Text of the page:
“Britney Vs Spears” Movie Review: A Toxic and Disturbing View of a Controversial Guardianship
Reductive in its narrative, it’s surprising that Erin Lee Carr’s attempt to make a thought-provoking documentary about Britney Spears and the Guardianship was given the nod at all.
I woke up this morning to learn that Britney Spears’ father Jamie had been suspended as a curator. It was a few days after I walked through the uncontrollable Britney vs. Spears on Netflix – an experience that made my skin crawl.
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I went in Britney vs. Spears with high hopes for several reasons; the first being that Netflix does its fair share of good documentaries, and the second being the tutelage of Britney Spears deserves all the progressive press it has received. But I missed the big red flag before it was released; the fact that Netflix released the trailer just days before it launched. I’ve seen a trend – and don’t be afraid to disagree – that Netflix is hijacking last-minute trailers for projects the platform isn’t exactly proud to call its own. .
While The New York Times presents documentary Coaching Britney Spears by Samantha Stark used a feminist lens to examine guardianship, Vice contributor Carr takes a slightly more salacious turn with Britney vs. Spears. The premiere was not well received by Spears who said he cried for two weeks after watching it. She also called the BBC documentary The battle for Britney: fans, money and a conservatory hypocritical.
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These unauthorized documentaries are naturally poorly received … but for Britney vs. Spears, the musician stepped forward and said it puzzled her and she was ashamed of the classless dialogue. So we’re off to a good start.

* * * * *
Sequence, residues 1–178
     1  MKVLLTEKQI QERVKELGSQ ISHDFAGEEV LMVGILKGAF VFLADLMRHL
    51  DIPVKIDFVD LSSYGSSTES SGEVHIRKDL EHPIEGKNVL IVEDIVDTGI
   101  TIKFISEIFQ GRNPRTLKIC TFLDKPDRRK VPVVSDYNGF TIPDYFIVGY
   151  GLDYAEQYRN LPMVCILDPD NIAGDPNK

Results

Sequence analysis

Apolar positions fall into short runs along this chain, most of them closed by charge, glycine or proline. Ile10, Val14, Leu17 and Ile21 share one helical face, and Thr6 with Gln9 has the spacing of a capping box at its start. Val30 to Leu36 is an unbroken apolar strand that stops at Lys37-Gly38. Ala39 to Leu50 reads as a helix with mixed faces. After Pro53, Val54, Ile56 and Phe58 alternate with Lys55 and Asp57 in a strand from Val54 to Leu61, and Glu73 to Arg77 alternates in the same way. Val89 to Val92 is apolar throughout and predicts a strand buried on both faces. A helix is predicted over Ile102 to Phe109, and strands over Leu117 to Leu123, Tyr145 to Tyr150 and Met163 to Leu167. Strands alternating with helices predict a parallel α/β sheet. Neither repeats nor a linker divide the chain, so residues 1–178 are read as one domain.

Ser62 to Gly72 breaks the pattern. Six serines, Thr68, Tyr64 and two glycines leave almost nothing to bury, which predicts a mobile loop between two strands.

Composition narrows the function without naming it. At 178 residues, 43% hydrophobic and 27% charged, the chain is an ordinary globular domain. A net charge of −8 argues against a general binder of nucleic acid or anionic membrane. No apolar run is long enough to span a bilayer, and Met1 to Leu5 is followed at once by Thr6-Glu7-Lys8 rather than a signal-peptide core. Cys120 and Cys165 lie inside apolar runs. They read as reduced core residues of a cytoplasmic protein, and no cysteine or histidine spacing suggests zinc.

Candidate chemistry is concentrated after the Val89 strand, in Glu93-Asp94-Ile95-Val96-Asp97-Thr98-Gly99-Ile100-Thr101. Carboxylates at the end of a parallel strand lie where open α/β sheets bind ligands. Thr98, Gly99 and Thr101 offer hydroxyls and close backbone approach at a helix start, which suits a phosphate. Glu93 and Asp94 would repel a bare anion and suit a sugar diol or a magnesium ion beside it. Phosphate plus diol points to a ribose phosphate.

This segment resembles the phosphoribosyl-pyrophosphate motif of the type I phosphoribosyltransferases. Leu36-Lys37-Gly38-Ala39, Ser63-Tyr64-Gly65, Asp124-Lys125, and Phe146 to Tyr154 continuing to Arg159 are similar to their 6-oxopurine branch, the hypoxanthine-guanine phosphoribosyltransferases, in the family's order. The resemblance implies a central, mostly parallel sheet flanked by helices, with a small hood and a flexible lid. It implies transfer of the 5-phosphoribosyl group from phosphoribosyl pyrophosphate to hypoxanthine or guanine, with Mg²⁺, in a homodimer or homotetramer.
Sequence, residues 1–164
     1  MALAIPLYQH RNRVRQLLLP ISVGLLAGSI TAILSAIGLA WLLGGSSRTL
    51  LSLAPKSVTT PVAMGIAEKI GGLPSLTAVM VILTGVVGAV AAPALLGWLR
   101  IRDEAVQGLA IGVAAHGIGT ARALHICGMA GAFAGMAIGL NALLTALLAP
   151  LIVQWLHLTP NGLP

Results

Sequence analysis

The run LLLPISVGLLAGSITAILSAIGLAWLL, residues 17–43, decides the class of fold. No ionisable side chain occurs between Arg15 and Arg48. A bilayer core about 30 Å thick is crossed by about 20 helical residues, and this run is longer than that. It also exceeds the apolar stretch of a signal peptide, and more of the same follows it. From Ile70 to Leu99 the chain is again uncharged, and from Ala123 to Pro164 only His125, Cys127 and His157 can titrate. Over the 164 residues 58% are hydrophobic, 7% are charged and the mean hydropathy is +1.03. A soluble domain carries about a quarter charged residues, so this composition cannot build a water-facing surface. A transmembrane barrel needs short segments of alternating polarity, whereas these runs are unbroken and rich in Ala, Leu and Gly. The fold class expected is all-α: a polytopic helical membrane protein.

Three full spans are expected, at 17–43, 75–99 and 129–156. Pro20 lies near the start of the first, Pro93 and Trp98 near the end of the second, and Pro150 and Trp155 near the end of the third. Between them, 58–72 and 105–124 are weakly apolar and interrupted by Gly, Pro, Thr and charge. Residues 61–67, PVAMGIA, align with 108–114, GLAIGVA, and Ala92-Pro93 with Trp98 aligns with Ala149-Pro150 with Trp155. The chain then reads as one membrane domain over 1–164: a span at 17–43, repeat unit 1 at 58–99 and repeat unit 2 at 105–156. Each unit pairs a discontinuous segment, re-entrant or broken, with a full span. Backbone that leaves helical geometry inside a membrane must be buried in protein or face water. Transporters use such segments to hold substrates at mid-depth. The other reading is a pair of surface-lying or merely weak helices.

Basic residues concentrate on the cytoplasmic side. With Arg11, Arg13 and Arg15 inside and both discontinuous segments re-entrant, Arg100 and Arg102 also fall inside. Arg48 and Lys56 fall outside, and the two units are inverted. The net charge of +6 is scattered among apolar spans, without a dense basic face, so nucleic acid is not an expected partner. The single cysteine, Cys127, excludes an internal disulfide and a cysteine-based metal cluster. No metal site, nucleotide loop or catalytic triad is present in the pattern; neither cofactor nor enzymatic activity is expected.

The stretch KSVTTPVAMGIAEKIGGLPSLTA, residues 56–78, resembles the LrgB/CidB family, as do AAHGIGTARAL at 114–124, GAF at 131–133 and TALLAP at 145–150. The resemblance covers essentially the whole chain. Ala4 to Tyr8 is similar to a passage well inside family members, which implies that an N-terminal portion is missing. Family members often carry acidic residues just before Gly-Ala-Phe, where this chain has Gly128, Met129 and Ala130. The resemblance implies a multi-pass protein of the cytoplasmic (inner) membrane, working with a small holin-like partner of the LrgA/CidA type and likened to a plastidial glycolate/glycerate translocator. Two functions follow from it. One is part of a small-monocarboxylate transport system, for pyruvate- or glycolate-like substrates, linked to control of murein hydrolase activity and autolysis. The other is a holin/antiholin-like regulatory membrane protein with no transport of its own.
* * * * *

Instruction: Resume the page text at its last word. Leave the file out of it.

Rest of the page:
In the film, as attorney Tony Chicotel so bluntly puts it, guardianship is “civil death,” the last resort that is only implemented when the circumstances are beyond anyone’s control. For 13 years, Spears was subjected not only to the scrutiny of his finances, but also to the removal of his reproductive rights and the bugging of his private home in bedrooms and bathrooms. His mental health issues made headlines for selling magazines and clicks.
While all of this could have been portrayed with respect, Carr and his team instead adopt a stance of shock value. Calling it a documentary would be the biggest compliment.
Britney vs. Spears hints of “imagine someone making a movie with people who were bad for Britney”. If it was surely aimed at answering many questions posed after the NYT documentary, the OMG tone of it all eclipsed what could have been a productive watch.
There is so much on Britney vs. Spears it does not go.
In the film’s attempt to be diplomatic, it turned to the field of trashy discourse with an overly dramatic score. Spears’ divorce from Kevin Federline was treated with an insulting tabloid tone, reinforcing the rhetoric that the singer may not have been capable of being a mother at all. Pair it with pictures of Rosie O’Donnell applauding the divorce and it leaves a bad taste in your mouth.
Another big question mark: why was the founder of BreathHeavy.com featured? Do we really need the “expert” advice of a tabloid to understand what much more reliable news media have reported?
Carr’s clarity of purpose can be seen, but it leaves the film prone to hyperbole – rather risky in a public case like this. It’s also all too easy to feel like this served as Carr’s vanity project, especially with her and Rolling stone journalist Jenny Eliscu sat in front of a desk like real crime podcasters, putting it all together.
Frankly, it shouldn’t have been done. Like Britney, I was scratching my head – when I wasn’t rolling my eyes or shaking my head in disgust. As for Netflix… well, it doesn’t always do things right, I guess.